I Hate Doing Sod! But This $4,130 Landscaping Job Made It Worth It

Hey guys, Keith here.  I made a video and this blog post about some a Landscaping job we did the other day.

 

Landscaping often involves tasks we don't love, but the results can be rewarding. One such task is laying sod. Recently, we took on a landscaping job worth $4,130. Here’s how we did it step by step, turning a daunting task into a rewarding project.

 

The Project Overview

 

Our recent project involved installing 400 square feet of sod. Here’s a detailed look at what we did and how we did it.

 

Removing the Pine Tree and Stump Grinding

The first step was to remove an existing pine tree. This included cutting down the tree and grinding the stump to ensure a clean surface for the sod. The tree removal cost $1,800, and the stump grinding cost $250. Clearing the area added another $100 to the total.

 

Utility Line Check

Before starting ground work, it’s crucial to check for underground utility lines. We called a utility digging...

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Can Business Marketing Blueprint Transform Your Business?

If you're asking yourself, "Will this really work for me?" You're not alone. 


Every business owner wants to know if what they're buying will actually help their business. 

 

Let's look at why the "Business Marketing Blueprint" is more than just a guide—it's a tool designed to really make a difference.

 

Made Just for Small Outdoor Businesses

 

I created the "Business Marketing Blueprint" with small outdoor businesses in mind. It doesn’t just throw general advice at you. 



Instead, it offers practical steps that you can start using right away, no matter your budget or how many people you have helping you.

 

 

Strategies That Work

 

This blueprint is full of strategies I used to build my own businesses and help others do the same. 

 

These methods cover everything from using the internet to get more people to see your business, to building strong relationships with your customers. 

 

And they really work.




...

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Why Specializing in Something Like Pesticide Can Pay Off in Landscaping

 When you think about landscaping, you might think about mowing lawns or planting flowers. But there's more to it, like specializing in something specific, which can set you apart and help you make more money.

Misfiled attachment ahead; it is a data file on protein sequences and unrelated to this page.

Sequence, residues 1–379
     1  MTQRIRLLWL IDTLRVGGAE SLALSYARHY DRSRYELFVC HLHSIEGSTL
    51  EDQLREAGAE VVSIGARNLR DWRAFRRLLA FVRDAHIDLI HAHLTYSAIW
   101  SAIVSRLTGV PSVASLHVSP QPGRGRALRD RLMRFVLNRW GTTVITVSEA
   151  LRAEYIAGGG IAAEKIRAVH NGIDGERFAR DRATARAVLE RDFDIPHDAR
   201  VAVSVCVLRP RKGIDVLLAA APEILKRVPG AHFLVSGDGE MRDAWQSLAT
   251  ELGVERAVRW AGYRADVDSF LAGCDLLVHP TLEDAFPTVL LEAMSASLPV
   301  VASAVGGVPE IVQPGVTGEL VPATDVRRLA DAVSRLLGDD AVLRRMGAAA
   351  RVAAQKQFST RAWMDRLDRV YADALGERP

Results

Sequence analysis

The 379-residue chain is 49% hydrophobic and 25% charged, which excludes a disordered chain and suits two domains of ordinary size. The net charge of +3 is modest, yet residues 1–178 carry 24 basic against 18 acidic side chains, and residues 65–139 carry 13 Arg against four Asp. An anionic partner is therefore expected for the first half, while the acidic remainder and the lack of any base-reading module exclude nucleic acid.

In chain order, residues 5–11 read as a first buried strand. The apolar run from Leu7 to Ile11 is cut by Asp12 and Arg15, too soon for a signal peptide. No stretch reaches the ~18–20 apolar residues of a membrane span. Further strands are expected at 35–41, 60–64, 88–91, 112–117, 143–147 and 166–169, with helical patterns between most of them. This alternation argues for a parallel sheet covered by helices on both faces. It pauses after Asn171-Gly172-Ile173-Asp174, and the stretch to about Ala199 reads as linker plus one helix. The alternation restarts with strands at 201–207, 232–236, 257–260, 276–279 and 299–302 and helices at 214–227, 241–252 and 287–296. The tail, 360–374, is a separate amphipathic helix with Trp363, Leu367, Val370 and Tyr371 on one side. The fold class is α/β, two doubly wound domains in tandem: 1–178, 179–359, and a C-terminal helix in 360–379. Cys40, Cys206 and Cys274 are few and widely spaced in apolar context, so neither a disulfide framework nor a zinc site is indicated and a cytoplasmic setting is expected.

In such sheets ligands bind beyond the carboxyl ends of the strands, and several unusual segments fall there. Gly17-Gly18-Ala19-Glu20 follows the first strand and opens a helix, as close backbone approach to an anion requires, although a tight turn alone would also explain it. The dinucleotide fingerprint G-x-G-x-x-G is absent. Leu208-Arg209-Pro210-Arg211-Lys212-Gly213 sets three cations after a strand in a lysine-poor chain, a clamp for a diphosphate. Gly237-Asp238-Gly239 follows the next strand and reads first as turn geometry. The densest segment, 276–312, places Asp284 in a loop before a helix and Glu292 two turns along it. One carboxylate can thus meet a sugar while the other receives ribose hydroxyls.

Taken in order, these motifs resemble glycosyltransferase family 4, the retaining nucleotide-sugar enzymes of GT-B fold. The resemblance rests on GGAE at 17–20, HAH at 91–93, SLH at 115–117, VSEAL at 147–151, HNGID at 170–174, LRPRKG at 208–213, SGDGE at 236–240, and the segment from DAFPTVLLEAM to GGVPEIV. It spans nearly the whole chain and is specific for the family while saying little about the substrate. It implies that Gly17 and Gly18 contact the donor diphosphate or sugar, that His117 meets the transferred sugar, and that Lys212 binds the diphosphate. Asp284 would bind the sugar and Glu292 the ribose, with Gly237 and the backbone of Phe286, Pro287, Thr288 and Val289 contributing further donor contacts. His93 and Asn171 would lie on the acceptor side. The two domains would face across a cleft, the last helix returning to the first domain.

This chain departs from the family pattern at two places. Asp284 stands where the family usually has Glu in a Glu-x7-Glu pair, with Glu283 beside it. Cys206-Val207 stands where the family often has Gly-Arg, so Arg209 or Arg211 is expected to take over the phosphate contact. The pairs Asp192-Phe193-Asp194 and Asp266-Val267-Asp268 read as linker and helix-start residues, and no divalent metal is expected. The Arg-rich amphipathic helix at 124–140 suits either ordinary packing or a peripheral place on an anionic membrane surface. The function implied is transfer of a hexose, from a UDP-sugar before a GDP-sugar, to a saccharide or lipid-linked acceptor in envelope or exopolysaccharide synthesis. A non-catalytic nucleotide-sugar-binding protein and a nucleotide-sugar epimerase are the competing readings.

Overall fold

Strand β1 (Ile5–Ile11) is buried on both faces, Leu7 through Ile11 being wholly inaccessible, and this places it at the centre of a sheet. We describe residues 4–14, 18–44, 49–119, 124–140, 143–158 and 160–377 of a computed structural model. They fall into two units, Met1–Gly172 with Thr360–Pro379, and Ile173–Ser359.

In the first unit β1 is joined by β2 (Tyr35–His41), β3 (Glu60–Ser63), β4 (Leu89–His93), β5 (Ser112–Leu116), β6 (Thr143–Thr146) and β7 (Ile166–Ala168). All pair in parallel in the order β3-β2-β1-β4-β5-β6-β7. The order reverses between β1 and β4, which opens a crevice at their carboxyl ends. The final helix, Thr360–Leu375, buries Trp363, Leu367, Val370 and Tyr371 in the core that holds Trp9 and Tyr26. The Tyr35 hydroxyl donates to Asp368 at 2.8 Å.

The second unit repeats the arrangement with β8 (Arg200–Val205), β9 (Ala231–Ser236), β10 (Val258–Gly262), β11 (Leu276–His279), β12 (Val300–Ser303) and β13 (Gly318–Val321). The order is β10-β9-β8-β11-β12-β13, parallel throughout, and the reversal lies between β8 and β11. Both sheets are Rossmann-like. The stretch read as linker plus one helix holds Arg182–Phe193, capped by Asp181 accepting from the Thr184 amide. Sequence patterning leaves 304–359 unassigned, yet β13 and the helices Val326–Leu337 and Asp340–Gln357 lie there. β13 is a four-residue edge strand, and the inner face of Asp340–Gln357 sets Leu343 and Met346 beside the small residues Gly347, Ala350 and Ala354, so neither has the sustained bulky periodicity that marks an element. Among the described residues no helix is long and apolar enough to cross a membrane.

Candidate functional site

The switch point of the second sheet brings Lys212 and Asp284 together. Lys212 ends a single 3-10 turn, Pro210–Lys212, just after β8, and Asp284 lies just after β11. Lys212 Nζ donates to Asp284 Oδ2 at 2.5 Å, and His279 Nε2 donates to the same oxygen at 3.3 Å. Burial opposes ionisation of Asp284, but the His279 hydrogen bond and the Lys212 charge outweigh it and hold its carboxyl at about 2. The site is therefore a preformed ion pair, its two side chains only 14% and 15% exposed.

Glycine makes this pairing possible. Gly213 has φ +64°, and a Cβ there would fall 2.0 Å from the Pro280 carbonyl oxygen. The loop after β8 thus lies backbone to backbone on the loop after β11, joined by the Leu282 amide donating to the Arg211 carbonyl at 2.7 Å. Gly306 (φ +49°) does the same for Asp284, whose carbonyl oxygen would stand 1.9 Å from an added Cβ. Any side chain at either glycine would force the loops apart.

That's what Austin Douglas from Ditch The Itch Poison Ivy Mosquito Control will be talking about on the Untrapped Podcast.



Austin chose to focus on pesticide applications instead of general lawn care. This area needs more know-how and understanding about chemicals and bugs, which not everyone has. It's not just about using tools; it's about knowing what you're doing with them.



He started learning all this at a commercial nursery and then worked for a company that controlled poison ivy. He got his licenses and learned a lot about the business.

 

Austin says if you want to go into a special area like this, you need to be ready to learn a lot. This extra knowledge means you can charge more for your services because you offer something not just anyone can do....

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Mastering the Art of Big Landscaping Jobs: Insights from Keith Kalfas and Brian Fullerton

Hey everyone, Keith here!

 

Today, I want to share some golden nuggets from a recent chat I had with Brian Fullerton about tackling big landscaping jobs.

 

Whether you're just starting out or looking to scale up, these insights are going to help you navigate the complexities of larger projects.

 

Starting Small and Scaling Up

Starting with smaller projects is crucial in the landscaping business. It allows you to build your skills, understand client needs, and manage your resources effectively. Brian and I discussed how important it is to start small and gradually take on bigger projects.

 

I shared a story about a $13,000 job that involved a complete overhaul of a property's landscaping.

 

The key takeaway? Don't jump into big jobs without building up your experience and confidence through smaller projects. Each project teaches you something new, and every challenge you overcome builds your capability to handle more significant tasks.

 

This...

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How Much Should Landscapers Charge To Install Mulch in 2024

Hey guys, Keith Kalfas here.

 

Today, we're going to talk about how much to charge for laying down mulch in 2024.

 

Whether you've been doing this for years or just starting, knowing the right price to charge is super important for keeping your business strong.

 

Different Types of Mulch and Prices

 

When selecting mulch for your landscaping projects, you have several options to consider. Each type of mulch not only differs in appearance but also in its benefits and costs. Here are a few popular choices:

 

  1.  Dyed Walnut Brown: This mulch is favored for its rich, dark color that enhances the aesthetic of garden beds. It typically costs around $33 per yard. Remember, the dye used is safe for plants but can fade over time, so it might need more frequent replacement or refreshment.

 

  1.  Black Mulch: Known for its striking contrast against green plants, black mulch is another dyed option that can help warm the soil and retain moisture. It's...